Split PersonalityI was called for 6:00am on duty at Sheridan on June 15, 2001 for the H-KCKPAS. We had a fairly decent trip for the first 75 miles to Dunmore, MT. There we headed into the siding. A ribbon rail steel gang was laying the last few quarter mile strings of the 26 miles of rail they replaced between Sheridan and Anita over the last two months. They had to get it done today, period. It was Friday and they had to load their machines onto the MOW flat cars before going home. The machines and men were needed elsewhere on the system on Monday morning. A work train with their flat cars waited for them in the siding at Rowley.
After the gang finished we waited for an eastbound coal empty to come across the 40 miles from Anita. It had the BNSF 9297 in the lead. This unit is the one that received the two experimental original BNSF paint schemes. Two? Yes, each side was painted slightly differently. I read someplace that the blue stripes had been removed but that is not true. You can still see the blue in this photo. After the empties passed we got the green to depart. We had been there five hours and 45 minutes. Oh I was thrilled.
Plastic C44'sWhile departing the Laurel roundhouse at sunrise on June 16th I saw two brand new C44s. They now have one piece molded plastic bodies just like the HO gauge models. The plastic even has that same primer grey color like the "undecorated" versions of the model locos. (Yes I am joking, they are not really plastic of course). Here is BNSF 5318 in "stealth mode" just seconds after sunrise.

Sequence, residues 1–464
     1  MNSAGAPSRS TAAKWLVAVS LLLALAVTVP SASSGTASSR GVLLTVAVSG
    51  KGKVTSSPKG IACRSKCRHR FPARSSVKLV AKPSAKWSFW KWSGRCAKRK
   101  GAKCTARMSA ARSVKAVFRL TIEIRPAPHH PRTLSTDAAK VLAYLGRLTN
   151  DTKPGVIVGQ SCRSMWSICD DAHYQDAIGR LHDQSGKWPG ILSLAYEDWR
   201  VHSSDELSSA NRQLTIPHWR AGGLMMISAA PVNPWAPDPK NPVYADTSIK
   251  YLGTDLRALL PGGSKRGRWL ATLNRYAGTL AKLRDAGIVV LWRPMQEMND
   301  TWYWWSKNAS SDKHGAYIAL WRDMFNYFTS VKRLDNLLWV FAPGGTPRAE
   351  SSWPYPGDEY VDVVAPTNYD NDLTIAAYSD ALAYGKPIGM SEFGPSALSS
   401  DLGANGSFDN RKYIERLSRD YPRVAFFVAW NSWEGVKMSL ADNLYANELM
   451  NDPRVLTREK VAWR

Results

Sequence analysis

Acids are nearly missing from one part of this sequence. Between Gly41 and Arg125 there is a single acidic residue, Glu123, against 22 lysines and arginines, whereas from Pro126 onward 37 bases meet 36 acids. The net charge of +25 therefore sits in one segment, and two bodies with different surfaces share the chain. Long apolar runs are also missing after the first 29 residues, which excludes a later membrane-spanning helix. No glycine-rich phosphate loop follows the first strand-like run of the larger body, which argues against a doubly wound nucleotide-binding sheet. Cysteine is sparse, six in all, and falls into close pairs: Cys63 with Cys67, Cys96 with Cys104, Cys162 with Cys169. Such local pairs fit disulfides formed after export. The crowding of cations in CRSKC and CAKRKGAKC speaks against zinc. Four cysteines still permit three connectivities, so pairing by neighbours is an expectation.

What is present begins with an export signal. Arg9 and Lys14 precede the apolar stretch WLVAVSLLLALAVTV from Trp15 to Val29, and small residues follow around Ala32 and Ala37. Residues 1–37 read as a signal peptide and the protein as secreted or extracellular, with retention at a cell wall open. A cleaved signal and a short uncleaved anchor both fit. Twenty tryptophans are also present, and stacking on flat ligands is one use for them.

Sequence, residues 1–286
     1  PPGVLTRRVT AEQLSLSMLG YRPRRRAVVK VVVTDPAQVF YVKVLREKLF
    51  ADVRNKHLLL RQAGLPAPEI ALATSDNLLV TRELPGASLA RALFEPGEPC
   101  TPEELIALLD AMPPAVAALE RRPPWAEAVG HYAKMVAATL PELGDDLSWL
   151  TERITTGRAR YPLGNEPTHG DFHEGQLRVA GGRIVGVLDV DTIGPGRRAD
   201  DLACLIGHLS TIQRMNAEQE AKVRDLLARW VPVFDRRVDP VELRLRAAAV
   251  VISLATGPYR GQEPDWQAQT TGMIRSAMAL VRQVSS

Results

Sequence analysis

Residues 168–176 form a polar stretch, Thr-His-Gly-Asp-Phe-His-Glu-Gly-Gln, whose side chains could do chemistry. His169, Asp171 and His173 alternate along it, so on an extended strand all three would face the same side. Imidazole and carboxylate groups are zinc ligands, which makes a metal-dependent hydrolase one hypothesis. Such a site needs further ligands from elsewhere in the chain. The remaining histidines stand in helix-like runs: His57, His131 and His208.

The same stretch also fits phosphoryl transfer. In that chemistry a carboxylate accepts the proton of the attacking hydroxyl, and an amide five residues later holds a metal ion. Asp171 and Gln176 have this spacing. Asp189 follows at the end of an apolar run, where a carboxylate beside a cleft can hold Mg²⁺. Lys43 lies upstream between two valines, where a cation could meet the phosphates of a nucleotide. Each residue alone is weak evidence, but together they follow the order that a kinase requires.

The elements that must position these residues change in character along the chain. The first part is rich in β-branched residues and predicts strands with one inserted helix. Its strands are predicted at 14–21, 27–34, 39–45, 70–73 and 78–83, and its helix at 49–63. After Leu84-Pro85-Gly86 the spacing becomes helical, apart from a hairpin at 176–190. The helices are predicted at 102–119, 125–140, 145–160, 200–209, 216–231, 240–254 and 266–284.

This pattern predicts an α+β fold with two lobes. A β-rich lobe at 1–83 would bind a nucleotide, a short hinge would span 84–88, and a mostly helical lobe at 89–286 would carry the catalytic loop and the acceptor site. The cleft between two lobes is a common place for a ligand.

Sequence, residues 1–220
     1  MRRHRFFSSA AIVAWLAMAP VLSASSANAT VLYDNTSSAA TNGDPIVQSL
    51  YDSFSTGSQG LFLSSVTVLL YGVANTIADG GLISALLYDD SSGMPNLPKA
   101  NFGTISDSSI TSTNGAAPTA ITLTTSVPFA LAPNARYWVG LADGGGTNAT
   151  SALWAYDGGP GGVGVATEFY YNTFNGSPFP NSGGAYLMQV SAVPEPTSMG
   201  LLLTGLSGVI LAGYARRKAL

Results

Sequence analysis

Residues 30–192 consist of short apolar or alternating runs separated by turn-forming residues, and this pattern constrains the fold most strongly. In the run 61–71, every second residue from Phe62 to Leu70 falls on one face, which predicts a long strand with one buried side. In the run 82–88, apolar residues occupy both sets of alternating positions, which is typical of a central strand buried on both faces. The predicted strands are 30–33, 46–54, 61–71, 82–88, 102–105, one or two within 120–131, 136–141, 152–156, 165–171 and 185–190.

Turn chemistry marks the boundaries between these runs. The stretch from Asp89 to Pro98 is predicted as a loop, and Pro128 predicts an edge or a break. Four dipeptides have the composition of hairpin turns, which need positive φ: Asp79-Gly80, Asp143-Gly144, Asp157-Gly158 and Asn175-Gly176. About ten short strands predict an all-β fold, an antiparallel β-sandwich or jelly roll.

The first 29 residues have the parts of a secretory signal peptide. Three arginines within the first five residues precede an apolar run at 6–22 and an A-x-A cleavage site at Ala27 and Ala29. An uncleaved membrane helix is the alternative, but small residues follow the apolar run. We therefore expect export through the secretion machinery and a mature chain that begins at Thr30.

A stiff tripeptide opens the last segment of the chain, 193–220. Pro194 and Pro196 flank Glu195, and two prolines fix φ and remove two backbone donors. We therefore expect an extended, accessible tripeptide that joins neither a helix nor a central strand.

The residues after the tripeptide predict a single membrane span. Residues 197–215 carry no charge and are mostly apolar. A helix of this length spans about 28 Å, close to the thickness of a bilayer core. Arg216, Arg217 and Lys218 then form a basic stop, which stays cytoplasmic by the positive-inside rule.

Morning GlowFifteen minutes later that same morning I was backing two C44s up the lead at the bottom-of-the-eastboundin Laurel Yard to get on our train, the V-PTLKCM. This lead confuses every new conductor I get. Each switch on the lead goes to two yard tracks. There is a second "inner" switch just clear of each lead switch. The stands for these inner switches are on the outside of the lead in line with all the others.
The snowy Beartooth Mountains are in the background. They had just received two feet of snow two days earlier. It may be mid-June down here but winter is not over yet in the high country.
The track on the left is the lead to BNSF's Laurel ribbon rail welding plant.
The sun had just risen and was shining directly up the switch lead. It brilliantly illuminated all the reflective material on the switch stands and locos.
Knuckle GardenOur former Road Foreman of Engines kept a "knuckle garden" just outside the door to his depot office. Each knuckle has the milepost location where it was broken painted on it . Apparently it was too much work to drag in any broken drawbars. The knuckle garden is still there so apparently it is also too much like work for the new RFE's to haul it away. And before anybody asks... no, none of them are mine.
Update note: After being there several years, the knuckle garden was finally removed in early July, 2001.
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